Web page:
Two readers of the blog commented on separate posts over the weekend, thanks to both!
More importantly, they did what I was hoping people would do – provide more information that can hopefully be of help to other self-pay patients! One thing that I know is that there are a huge number of options available to the uninsured or those with high deductibles seeking health care services, and the best way this blog can be an effective resource to self-pay patients is if readers share their own experiences for others to read about as well.
The first comment is from an old friend of mine from the Health Benefits Reform discussion group that I’ve been part of for nearly a decade, Richard Matthews. He writes in with the following suggestions for self-pay patients:
…For years prior to my arrival on Medicare, I had a high deductible health plan and HSA. My personal physician is cash only and I have regular need of prescriptions and lab work.
For prescriptions I have used BidRx. They provide an online “reverse eBay” solution – one provide the prescription parameters and then open a 72 hour bid among pharmacies throughout the country. The real savings in on generics of course, since that is where the highest markups are. Once you select the winning bid, you provide the pharmacy with a fax copy of the Rx and they mail the meds to you (shipping costs included in the bid)…
For labs, I am aware of two services. The one I use is Direct Labs and again this is an online solution. You go online and choose the labs you need to have done and one of the Direct Lab physicians writes the order. You take the order to a Lab Corp facility and YOU receive the results – NOT your physician. Typically it takes 24 to 48 hours for you to receive the results. Of course it makes sense to be certain that your physician sees the results (especially if they requested that you have labs done), but the key is that YOU get the results before they do and you don’t have to wait for them to call you a week or two later with same.
I’m not sure but I think Richard may have accidentally used the name of the second lab service in place of the one he uses when he referenced Lab Corp, short for Laboratory Corporation of America. Either company is a great option for self-pay patients needing lab work, as both of these companies are very friendly to those paying cash.
The second commenter prefers to remain anonymous, but made some excellent points and suggestions as well:
I am a “self-pay” patient… I was a public employee and got excellent benefits through PacificCare that cost me all of $27 a month. When I quit public service my COBRA payments jumped to $384 per month, and that was back in 1995. After my COBRA ran out I had no insurance at all due to pre-existing conditions like Type II diabetes and other minor issues that I treat with diet, exercise and medication…
Ever since I have paid for my own health care, and I’ve been moderately successful in negotiating good rates because I’m willing (and able for now) to pay cold, hard cash for service.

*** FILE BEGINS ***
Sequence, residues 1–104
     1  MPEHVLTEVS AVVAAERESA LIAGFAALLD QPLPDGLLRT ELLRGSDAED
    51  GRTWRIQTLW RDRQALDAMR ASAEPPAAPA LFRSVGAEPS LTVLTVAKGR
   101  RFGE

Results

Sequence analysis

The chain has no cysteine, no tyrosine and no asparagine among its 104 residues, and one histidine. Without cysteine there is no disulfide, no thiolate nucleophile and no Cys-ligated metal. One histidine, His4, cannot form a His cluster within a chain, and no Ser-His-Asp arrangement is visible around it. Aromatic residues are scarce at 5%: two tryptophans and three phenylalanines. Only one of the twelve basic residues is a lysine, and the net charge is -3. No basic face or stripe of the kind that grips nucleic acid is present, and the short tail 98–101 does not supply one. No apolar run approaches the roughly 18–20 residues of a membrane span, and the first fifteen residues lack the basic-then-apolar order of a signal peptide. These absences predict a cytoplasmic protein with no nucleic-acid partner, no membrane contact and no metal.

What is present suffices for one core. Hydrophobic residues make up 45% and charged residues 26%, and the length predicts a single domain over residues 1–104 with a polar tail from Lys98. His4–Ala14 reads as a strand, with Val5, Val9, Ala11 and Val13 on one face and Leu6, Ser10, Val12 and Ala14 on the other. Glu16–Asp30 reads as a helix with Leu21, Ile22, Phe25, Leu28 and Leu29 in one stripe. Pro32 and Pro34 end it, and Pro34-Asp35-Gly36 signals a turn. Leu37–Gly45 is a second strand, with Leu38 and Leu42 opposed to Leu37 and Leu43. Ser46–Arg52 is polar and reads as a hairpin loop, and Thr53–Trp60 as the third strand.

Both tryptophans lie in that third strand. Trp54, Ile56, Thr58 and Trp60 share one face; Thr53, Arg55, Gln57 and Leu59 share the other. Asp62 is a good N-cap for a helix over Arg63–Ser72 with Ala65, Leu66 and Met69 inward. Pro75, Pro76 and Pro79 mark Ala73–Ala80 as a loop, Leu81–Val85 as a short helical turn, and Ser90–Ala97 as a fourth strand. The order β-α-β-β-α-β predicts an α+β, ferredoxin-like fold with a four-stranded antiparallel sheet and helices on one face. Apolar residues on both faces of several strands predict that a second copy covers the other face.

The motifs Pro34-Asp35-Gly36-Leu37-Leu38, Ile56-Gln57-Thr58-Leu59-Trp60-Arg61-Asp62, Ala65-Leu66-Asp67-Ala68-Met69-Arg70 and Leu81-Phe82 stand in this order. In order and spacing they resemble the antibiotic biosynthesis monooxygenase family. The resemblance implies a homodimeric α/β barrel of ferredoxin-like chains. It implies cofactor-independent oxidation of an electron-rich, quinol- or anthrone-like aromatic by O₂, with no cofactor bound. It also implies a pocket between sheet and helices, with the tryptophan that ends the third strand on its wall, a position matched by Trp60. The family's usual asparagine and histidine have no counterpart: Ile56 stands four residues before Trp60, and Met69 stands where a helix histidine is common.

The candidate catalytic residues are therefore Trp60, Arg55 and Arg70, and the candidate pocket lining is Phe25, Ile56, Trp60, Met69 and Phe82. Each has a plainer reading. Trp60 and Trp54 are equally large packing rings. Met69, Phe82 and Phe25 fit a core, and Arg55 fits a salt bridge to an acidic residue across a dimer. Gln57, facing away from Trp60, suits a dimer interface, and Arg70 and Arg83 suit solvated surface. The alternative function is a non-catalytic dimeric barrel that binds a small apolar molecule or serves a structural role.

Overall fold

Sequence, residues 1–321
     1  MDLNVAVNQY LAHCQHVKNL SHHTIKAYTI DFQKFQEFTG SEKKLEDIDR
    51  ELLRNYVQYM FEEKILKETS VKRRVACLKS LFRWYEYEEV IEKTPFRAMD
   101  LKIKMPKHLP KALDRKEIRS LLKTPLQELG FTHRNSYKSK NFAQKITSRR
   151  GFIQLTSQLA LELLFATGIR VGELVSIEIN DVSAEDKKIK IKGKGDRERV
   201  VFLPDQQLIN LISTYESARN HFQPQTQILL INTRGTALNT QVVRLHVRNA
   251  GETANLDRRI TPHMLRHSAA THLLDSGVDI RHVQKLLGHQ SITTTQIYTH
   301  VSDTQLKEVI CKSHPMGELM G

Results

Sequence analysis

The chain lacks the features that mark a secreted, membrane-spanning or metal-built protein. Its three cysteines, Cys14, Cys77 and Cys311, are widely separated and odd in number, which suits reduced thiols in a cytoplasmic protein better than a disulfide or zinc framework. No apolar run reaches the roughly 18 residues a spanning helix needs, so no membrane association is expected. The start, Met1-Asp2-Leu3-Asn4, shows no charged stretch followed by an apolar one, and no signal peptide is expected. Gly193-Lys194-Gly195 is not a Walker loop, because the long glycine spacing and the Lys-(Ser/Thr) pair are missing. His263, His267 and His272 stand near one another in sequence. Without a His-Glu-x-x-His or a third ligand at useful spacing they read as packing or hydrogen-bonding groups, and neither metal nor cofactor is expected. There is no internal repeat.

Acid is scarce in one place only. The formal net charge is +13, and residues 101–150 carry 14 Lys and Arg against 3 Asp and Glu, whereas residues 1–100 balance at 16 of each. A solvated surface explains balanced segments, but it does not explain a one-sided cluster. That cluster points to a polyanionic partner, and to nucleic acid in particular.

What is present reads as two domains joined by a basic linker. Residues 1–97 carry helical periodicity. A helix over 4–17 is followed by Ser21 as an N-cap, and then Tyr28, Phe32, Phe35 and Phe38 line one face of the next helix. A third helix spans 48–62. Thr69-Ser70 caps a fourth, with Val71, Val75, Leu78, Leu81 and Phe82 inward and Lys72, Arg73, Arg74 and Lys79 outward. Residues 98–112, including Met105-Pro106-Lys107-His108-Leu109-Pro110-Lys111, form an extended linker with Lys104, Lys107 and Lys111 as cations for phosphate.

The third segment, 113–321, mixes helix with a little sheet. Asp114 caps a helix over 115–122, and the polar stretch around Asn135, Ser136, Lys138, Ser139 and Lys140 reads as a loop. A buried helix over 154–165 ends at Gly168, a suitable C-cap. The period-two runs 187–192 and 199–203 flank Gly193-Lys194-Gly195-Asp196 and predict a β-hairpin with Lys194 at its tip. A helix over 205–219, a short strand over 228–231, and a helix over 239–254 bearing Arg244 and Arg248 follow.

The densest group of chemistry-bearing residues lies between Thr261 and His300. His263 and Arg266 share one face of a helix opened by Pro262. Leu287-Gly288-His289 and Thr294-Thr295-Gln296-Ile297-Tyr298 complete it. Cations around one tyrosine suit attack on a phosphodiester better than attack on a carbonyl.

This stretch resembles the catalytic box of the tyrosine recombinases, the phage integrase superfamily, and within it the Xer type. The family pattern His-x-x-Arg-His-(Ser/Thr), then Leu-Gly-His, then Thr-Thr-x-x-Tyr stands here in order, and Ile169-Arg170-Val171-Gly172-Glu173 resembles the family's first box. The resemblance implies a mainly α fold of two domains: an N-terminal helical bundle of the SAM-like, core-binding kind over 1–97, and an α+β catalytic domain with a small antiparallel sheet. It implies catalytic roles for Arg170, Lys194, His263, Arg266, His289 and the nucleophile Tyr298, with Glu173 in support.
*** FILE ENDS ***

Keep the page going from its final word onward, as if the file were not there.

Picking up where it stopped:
In one case I suffered a kidney stone attack that required a visit to the ER. They did a CAT scan but when I got the bill it was for TWO CAT scans, one for the “upper abdomen” and one for the “lower abdomen/pelvis.” I reviewed the scan, which was actually one continuous scan, and objected to the $6000 bill for “windowing” the scan into two different films when a simple shift of the film window on printout by less than two inches up (for the LA/P shot) would have covered everything they needed to see in one image.
I talked to the billing department when I got the bill and used the words “fraud”, “medical ethics board” and “consumer protection department” liberally and they not only took off the bogus $3000 charge, they reduced the entire bill to 45% of its original amount because I slapped greenbacks down on the desk.
Three important lessons jump out of these comments.
First, a big part of keeping your health care expenses in check is by taking responsibility for your own health and including diet and exercise in your life. This is especially crucial for those with chronic diseases like diabetes.
Second, always review your medical bills closely! This commenter found that the hospital tried to effectively bill him for two medical scans when in truth they only performed one. Lots of hospitals and other medical providers have people and policies that are there to maximize bills submitted to insurers by doing exactly the sorts of things that this hospital tried to do, billing a single scan as two separate scans. Needless to say this can leave self-pay patients with a bigger bill than is justified!
Third, and perhaps most importantly, don’t just accept the prices listed by the hospital on the bill! In almost every case, those bills are wildly inflated “chargemaster” prices, which hospitals typically “discount” by 50%, 75%, even 90% or more for insurers. By offering to pay cash, you can often get a hospital or other provider to give you the same or an even lower rate than what the insurance companies pay.
Thanks again to Richard and our unnamed commenter for sharing their experiences and advice, and please keep the comments coming! If you’d prefer to share a story or experience with me privately, feel free to send me an e-mail at firstname.lastname@example.org.